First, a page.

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The Putin Pub in Jerusalem is looking for a new name


It would be hard to count how many thousands of people protested over the weekend against Russia's invasion of Ukraine. People flowed around the landmarks in Berlin and in London.


UNIDENTIFIED PROTESTERS: (Chanting) Stop Putin. Stop the war. Stop Putin. Stop the war. Stop Putin. Stop the war.

MARTINEZ: Protesters held rallies in the U.S., Japan and Australia. Thousands also marched in protest in Iran. And within Russia itself, protests broke out in multiple cities, even though police frequently shoved people into vans and then drove away. A human rights group says at least 3,000 people have been arrested since Thursday.


Here in the United States, actors acknowledged the conflict at the Screen Actors Guild Awards ceremony, including the lead of the HBO drama "Succession," Brian Cox.


BRIAN COX: For those people, the people in Russia who don't like what's going on and particularly the artists. And I think we should really join in celebrating them and hoping that they can actually make a shift, as I believe they can.


INSKEEP: A lot of Russian artists have spoken out, but New York's Metropolitan Opera is suspending ties to Russian artists and institutions who are allied with President Vladimir Putin. Facebook's parent company, Meta, says it's removed Russian accounts that were working to spread disinformation about the war and even some bots that were trying to hack Ukrainian military officials and journalists.

MARTINEZ: In Jerusalem, where owners of the Putin Pub are now waging their own protest. That's the bar popular with Russian-speaking immigrants. They're changing their name, NPR's Daniel Estrin reports.

DANIEL ESTRIN, BYLINE: The Putin Pub has been around for about 22 years. The Russian-speaking owners named it after Putin as a gimmick when he first ran for president. But last week, on the first day of the invasion of Ukraine, Russian-born owner Leon Teterin yanked off the sign.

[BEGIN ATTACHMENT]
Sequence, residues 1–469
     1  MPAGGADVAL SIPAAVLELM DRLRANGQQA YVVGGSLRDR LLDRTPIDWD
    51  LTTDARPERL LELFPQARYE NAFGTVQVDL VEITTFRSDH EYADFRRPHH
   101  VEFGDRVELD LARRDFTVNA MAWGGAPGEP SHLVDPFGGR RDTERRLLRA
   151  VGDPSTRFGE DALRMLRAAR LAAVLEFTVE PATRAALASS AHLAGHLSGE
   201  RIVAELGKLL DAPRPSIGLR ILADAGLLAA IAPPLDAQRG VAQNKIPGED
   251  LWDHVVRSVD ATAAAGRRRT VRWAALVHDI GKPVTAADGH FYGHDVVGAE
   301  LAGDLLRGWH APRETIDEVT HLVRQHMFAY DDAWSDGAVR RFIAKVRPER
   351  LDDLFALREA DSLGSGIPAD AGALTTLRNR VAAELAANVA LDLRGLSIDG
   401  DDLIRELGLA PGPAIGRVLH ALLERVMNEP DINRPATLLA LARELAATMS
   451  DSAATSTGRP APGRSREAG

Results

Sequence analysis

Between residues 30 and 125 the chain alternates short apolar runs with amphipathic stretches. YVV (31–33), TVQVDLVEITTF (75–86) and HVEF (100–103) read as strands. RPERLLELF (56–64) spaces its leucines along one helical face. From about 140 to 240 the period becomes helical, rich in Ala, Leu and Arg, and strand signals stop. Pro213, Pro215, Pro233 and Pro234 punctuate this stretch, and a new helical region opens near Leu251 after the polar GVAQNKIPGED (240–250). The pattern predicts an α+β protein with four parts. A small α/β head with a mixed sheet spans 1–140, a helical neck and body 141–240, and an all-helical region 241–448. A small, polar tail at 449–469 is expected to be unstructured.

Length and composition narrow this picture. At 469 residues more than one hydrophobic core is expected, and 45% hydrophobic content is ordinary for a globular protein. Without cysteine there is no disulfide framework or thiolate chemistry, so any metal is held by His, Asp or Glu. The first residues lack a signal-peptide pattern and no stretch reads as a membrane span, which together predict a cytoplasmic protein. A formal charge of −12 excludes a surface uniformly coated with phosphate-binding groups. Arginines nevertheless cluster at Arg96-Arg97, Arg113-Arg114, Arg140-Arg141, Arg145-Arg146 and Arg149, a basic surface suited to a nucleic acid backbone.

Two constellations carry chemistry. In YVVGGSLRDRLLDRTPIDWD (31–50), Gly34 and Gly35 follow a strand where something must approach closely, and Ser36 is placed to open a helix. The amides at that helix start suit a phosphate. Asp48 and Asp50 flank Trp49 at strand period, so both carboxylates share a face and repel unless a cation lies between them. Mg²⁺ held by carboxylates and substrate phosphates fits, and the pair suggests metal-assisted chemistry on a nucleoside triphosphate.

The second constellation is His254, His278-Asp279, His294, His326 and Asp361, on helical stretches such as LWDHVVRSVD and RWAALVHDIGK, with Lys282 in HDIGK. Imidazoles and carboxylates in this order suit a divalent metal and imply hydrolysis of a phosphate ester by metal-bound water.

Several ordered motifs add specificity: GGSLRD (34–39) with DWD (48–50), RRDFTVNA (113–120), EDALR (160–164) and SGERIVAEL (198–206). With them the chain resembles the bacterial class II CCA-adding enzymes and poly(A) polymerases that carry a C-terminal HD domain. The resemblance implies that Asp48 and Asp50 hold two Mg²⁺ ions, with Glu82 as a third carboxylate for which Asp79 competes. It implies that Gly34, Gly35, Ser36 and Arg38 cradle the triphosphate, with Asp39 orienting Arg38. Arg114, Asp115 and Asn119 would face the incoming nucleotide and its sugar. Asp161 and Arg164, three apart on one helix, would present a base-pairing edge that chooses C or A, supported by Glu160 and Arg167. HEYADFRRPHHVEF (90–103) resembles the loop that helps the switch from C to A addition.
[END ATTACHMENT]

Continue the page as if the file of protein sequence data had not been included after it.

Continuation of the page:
LEON TETERIN: (Through interpreter) We think we did the right thing. We're getting away from politics. This is supposed to be a happy place, not to make people feel they're somewhere aggressive or some dictator.

ESTRIN: He kisses a customer whose mom's in a shelter in Ukraine. He's texting with a pub regular who's sheltering with her parents in Kyiv. And behind the bar is 25-year-old bartender Sima Kogan, a refugee from Russia's 2014 war with eastern Ukraine. Her dad was killed in Donetsk. Her mom is now sheltering in a Kyiv metro station. And she lights up about one thing - the pub's name change.

SIMA KOGAN: How I was happy today (laughter).

ESTRIN: Israel has one of the world's biggest Russian-speaking diasporas, a million immigrants from Russia, Ukraine and other Soviet states. Many have close family now under bombardment, while Israel's leaders are walking a tightrope.



ESTRIN: Israeli Prime Minister Naftali Bennett said, "We are conducting a measured and responsible policy," which is keeping good relations with Ukraine's Jewish president, Volodymyr Zelenskyy, welcoming new Ukrainian Jewish war refugees and also staying friends with Putin. He lets Israel bomb targets in Syria. Zelenskyy asked Israel to mediate a cease fire, and Bennett suggested it to Putin.

SHLOMI AZRAN: (Speaking Hebrew).

ESTRIN: At the bar, 40-year-old Israeli Shlomi Azran agrees with Russia's claim that Ukraine hasn't done enough to go after Nazi sympathizers and hopes Putin topples the Kyiv government with minimal civilian harm. The bar owner reaches for the box where he's storing the P, U, T, I and N from the sign outside. He's soliciting ideas for a new name.

TETERIN: (Speaking Hebrew).

ESTRIN: But he doesn't want to ever touch those five wooden letters again. Daniel Estrin, NPR News, the pub formerly known as Putin in Jerusalem.

(SOUNDBITE OF ELIOR, LEAVE'S "TIBAU") Transcript provided by NPR, Copyright NPR.

Daniel Estrin is NPR's international correspondent in Jerusalem.